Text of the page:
Today I have another review for you! This time it is the Player’s Handbook from the 1879 RPG by FASA Games. They were kind enough to let me check out the PDF version and I was pretty impressed. Hopefully the Untamed Dice crew ill get a chance to run a one shot of this soon. In the mean time, here is my review!
The story behind FASA’s 1879 is, in my opinion, freaking awesome. The 1879 RPG is similar in style to Shadowrun, a claim I was eager to look into. This is true in that it will appeal to a similar audience. 1879 is an alternate history style game, like Shadowrun, but in almost every other way it is different. I am going to do my best to avoid making the comparisons, but they will pop up. The world of 1879, as obvious as it might be, does not take place in modern times. Instead we go back to another era, over 100 years ago. It is the titular year of 1879 and the location is Great Britain, at least in part. The world that this game takes place in is one manipulated by magic reborn and technology ahead of its time. Look at it this way: if you want a game that takes place in a Victorian setting that has a significant steampunk feel, this is definitely the game for you.
One of the key features to 1879 goes beyond the steampunk aspect. It even goes beyond the idea that magic is in the world. This game centers around expansion of the British Empire into the Gruv. The Gruv is an alternate world that can be accessed via a Portal. There live the Saurids, a variety of dinosaur folk who practice shamanism. They aren’t the only ones though. You see, the Babylonians of ancient Earth had their own portal and since disappearing from our world have been living here. These folk are much more advanced with things like railguns and other more sci-fi tech. Nevertheless, the British Empire wars with them for territory within the Gruv. Finally, and this is one of my favorite parts of the story, is the way that the world references Alice In Wonderland. Similarly to Shadowrun’s orks and trolls, the 1879 RPG has fantasy races that were once human. Among these are things like dwarves, elves, and snarks. They are the result of a sickness known as Looking Glass Fever. Not all survive and those that do are not always changed, but some are. Of course, alongside Looking Glass Fever was the growth/return of magic and this all happened when the Portal opened. Oh, did I mention the Portal is also called the Rabbit Hole?
The 1879 RPG presents a wonderful alternate history set piece. We get to experience a world that is less modern and a time in which mystery and exploration were still some of the greatest aspirations. It makes its mark on the RPG world by taking cues from Shadowrun, but by being completely set apart. This game is pulpy, its magical, and its steampunk. There is a feel to this RPG that some people will love and isn’t provided by many games. The options for character play are incredibly varied with magics, lots of skills, and professions that have enough range to play multiple styles of campaign.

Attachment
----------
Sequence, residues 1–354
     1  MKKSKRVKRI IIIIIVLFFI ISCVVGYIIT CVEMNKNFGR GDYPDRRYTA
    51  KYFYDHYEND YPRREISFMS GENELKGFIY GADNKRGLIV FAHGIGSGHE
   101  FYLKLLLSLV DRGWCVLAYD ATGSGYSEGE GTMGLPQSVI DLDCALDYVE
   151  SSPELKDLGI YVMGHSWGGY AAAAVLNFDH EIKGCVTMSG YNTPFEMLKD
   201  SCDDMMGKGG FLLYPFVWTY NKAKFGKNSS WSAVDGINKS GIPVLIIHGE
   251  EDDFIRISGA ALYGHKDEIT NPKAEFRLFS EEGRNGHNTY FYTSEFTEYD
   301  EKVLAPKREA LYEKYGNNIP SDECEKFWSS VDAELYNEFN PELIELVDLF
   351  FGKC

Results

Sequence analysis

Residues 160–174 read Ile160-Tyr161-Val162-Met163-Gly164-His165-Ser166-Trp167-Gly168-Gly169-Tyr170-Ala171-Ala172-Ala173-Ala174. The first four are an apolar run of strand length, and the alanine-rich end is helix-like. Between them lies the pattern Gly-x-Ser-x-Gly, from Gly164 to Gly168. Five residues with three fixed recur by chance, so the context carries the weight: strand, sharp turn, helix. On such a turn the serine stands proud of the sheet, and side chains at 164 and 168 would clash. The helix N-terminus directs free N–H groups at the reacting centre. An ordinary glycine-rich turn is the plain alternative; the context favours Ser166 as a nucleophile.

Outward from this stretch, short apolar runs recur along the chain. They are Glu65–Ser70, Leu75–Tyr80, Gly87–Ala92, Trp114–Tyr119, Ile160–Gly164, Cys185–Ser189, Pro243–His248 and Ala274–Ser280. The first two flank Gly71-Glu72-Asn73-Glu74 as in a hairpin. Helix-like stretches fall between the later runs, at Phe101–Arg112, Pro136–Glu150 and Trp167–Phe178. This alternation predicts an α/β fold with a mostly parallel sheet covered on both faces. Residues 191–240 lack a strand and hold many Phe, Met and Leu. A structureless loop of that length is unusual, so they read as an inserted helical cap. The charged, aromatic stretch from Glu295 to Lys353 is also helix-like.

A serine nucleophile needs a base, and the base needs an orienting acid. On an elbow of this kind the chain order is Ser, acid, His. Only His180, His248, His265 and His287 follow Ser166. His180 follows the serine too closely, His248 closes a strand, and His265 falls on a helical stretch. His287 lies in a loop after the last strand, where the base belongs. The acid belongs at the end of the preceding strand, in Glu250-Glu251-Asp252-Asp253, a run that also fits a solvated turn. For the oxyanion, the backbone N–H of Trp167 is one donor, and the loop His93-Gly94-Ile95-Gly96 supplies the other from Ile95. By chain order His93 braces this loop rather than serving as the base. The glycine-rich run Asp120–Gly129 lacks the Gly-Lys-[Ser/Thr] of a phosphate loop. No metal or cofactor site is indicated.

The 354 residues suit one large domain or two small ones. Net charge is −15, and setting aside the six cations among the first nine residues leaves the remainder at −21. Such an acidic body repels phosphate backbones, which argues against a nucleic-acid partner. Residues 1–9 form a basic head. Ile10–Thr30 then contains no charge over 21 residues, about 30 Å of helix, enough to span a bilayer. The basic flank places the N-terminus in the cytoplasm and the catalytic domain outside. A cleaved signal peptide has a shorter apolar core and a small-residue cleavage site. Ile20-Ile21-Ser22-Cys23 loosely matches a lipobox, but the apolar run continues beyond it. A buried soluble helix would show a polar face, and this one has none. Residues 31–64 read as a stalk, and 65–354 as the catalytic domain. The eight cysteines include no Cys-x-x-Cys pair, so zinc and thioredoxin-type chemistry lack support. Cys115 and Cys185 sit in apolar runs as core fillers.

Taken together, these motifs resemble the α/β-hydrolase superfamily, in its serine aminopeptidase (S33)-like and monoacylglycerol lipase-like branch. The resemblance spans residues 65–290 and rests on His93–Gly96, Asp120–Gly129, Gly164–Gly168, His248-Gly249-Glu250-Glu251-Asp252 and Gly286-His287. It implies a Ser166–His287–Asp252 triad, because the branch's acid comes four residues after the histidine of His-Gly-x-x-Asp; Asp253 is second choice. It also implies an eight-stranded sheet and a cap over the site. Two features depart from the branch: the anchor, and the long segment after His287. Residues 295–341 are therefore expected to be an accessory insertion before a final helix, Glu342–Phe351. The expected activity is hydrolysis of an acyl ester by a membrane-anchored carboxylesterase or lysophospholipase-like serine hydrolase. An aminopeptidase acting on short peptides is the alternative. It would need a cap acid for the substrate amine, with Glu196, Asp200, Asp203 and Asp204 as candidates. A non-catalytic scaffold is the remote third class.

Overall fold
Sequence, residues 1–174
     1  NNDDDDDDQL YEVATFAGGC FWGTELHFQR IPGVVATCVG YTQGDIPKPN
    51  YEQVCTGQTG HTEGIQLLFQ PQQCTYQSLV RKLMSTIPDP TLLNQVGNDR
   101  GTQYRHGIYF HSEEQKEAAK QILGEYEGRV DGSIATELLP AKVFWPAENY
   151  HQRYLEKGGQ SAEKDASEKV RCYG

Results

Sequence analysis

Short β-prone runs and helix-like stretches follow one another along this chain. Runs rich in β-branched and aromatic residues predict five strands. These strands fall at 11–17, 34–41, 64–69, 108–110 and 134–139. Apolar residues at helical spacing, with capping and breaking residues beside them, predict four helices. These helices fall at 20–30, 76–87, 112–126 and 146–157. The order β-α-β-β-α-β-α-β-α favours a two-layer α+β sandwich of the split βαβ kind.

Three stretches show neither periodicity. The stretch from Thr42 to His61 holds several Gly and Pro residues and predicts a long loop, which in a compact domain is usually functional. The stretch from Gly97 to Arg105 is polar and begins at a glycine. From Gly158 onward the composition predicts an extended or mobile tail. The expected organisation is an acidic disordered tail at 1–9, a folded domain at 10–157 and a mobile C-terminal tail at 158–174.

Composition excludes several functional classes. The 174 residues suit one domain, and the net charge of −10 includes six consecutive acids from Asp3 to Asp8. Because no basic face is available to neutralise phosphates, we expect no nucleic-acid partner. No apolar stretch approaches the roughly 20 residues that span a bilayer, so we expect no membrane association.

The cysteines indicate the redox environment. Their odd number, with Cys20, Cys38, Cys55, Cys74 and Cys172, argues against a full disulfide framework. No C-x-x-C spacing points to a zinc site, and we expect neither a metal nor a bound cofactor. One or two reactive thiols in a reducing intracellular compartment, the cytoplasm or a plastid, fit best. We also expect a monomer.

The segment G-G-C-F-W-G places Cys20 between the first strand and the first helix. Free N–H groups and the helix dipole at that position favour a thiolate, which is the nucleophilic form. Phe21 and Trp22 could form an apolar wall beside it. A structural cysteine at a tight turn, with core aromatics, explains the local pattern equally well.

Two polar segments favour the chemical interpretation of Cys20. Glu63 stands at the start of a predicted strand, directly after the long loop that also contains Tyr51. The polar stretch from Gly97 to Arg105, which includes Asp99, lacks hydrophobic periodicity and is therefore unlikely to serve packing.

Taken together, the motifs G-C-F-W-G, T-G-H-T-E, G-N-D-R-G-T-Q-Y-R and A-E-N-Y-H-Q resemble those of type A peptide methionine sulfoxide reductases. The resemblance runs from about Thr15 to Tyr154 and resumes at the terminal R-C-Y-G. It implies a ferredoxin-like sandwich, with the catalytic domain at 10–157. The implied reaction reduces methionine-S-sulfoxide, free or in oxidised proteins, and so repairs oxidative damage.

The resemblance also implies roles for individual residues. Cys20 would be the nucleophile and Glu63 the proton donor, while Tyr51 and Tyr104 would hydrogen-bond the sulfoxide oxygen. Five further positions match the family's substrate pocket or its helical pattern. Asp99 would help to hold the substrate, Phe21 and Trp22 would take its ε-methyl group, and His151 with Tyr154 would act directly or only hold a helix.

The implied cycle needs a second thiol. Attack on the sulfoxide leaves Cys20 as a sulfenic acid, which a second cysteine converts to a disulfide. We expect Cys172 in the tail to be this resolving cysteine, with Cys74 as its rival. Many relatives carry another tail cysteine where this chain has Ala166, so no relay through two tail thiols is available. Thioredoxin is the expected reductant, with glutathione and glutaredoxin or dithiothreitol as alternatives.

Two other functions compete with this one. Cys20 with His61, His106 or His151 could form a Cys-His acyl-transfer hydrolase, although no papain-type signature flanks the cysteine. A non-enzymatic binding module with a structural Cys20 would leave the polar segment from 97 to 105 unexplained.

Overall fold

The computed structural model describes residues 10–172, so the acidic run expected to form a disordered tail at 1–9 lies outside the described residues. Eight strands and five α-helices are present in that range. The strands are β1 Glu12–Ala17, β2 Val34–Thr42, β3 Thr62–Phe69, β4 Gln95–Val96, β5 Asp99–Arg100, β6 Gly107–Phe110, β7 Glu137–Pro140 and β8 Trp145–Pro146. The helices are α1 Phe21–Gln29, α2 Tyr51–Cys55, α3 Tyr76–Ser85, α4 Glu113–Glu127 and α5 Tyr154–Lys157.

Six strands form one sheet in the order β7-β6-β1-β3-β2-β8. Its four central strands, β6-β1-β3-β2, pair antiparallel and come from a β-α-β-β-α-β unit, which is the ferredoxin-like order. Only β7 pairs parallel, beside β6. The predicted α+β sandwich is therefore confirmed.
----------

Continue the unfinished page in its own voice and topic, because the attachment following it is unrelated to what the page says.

In order to figure out the mechanics of 1879, and because this is a Player’s Handbook, I decided the best way to go about this was to not just read but to make a character. I have to tell you I was incredibly amazed with how it went. The book clocks in at almost 600 pages and I was fairly worried that things would elude me or be difficult to figure out. My experience was better than it has been with other games. First of all, the section on character building lays out the steps you will take and then, in the same order, takes you through them. Something I appreciated was the fact that things are laid out in a useful, pragmatic order and then the dedicated chapters to things like skills and spells follow. For example, the game has you pick a profession before a race. The reason is that some races don’t have those professions. The book explains this, as well as other concerns, as you proceed. This gets you to think in terms of a large picture as you pick out each small thing.
The character sheet for this game is intimidating. I have found that it is often a good indicator of how complicated the rules will be. In this case I expected a large variety of mechanics and some complicated equations. In regard to the former I was mistaken. For the latter, I was correct. However, these equations are background. While they are described so that they may be used and understood, there is a table for what an attribute score represents at the end of the equation. There is no need to do that complicated math yourself.